After assuring the listening intelligibility to the participants in thecourtroom, you will also need to address the issues of translation andauditory assistance. In federal courts and most county and municipalcourtrooms, translation in other languages plus a feed for English auditoryassistance will be required. First, a feed to the translator from thesummed mix of the mics is required. Then, the translators’ mic will have tobe fed to both a recorder and an IR or RF auditory assistance system. IR isthe more popular choice for courtrooms; frequency coordination is notrequired for IR, an important factor when setting up 20 courtrooms in thesame facility. The RF spectrum space will be needed for wireless mics. Auseful tip from Scheele in New Mexico: Have the users hang the IR headsetsbehind their heads instead of in front, which prevents their hands, tiesand clothing from interfering with the IR signal. They had a great deal ofdifficulty with the system until they beg!an this practice. A feed from the system to provide auditory assistance on another channel will also berequired.

You have now addressed making it so that everyone can hear, but what aboutthose times when the judge does not want anyone to hear? During federalproceedings (this also applies to many state courts), the sidebarconference (where the two attorneys confer at the bench with the judge) isconsidered a privileged conversation regarding procedural issues that arenot to be heard by the jury, witness or gallery. To prevent theseconversations from being overheard, the new U.S. federal standard has pinknoise injected into the room in all loudspeakers except the judge’s,thereby masking the conversation. A button labeled “sidebar” at the judge’scontrol panel activates this. The system must switch off all mics in theroom, activate the sidebar mic (generally an omnidirectional boundary miclocated on the rail of the judge’s bench) and route the signal to the courtreporter and the tape deck for transcription. The pink noise, which doesnot have to be really loud, prevents eavesdropp!ing. Remember, good intelligibility is predicated on a 20 dB to 25 dB level above ambient room level.Because the sound system will not be amplifying the conversation, themasking level needs to be only 6 dB to 12 dB above the ambient room level.Scheele reported that he had to turn down the pink noise after a few weeksbecause it was too loud. The original level was nearly the same as theamplified speech level.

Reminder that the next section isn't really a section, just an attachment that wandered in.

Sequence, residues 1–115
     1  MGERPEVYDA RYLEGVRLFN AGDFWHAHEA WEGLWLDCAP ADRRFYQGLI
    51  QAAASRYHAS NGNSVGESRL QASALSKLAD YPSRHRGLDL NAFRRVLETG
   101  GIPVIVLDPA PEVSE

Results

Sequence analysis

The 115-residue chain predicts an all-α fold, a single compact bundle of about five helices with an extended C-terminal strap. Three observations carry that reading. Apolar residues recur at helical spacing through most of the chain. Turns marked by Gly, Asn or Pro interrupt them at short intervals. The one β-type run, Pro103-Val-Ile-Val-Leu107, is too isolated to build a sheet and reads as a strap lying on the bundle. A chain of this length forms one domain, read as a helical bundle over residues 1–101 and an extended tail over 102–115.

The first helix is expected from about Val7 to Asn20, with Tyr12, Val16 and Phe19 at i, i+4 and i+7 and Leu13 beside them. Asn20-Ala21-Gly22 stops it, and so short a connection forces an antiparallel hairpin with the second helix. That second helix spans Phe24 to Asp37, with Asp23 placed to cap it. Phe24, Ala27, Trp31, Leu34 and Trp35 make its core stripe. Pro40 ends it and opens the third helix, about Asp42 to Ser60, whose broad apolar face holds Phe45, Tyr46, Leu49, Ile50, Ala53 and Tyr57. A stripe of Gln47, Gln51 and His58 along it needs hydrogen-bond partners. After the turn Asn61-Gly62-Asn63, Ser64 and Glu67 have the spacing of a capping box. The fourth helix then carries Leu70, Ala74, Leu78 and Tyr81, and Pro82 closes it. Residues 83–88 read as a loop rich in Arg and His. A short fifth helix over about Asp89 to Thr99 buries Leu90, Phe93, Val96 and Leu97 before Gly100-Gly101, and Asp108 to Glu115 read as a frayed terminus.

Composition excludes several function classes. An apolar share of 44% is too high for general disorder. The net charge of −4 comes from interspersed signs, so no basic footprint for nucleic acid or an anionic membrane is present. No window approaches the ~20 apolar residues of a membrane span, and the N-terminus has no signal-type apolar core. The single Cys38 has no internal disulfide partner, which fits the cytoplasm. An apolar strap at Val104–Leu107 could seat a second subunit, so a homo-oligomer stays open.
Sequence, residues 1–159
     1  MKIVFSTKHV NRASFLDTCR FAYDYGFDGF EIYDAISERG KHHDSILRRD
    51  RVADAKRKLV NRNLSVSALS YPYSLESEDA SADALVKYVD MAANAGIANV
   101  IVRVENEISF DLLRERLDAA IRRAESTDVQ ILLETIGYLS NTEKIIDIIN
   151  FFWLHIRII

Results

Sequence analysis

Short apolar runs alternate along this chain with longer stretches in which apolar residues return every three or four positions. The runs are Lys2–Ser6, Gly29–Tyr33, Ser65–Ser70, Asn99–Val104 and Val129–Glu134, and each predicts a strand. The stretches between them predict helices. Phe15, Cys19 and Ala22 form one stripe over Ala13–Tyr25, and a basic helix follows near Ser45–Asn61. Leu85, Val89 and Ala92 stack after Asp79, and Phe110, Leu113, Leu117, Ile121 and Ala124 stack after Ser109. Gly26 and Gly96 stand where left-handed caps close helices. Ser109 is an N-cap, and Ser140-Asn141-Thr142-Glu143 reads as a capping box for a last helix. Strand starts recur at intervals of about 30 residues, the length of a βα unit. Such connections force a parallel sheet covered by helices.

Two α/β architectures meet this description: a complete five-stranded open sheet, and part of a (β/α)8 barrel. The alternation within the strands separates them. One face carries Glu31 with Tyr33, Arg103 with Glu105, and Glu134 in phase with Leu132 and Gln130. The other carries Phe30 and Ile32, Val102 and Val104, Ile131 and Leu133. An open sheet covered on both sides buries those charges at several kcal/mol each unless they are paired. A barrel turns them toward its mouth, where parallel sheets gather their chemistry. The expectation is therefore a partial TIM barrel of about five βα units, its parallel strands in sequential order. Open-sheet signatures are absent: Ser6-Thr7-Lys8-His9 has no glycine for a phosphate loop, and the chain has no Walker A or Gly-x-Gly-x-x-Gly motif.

Grand jury rooms present new problems, particularly on the acoustics side.Grand juries are anonymous, and their proceedings are privileged. Securityis a major factor. Not only must the acoustical treatments within the roomkeep outside levels down, but they must also keep inside audio fromescaping. Sealing doors and windows and keeping the level of the soundsystem to an effective minimum must be addressed. Specifying an auditoryassistance system allows the installer to preset or fix the levels in theroom so that the audio cannot be turned up loud enough to be heard outsidethe room. Anyone who cannot hear is issued a headset.

Other issues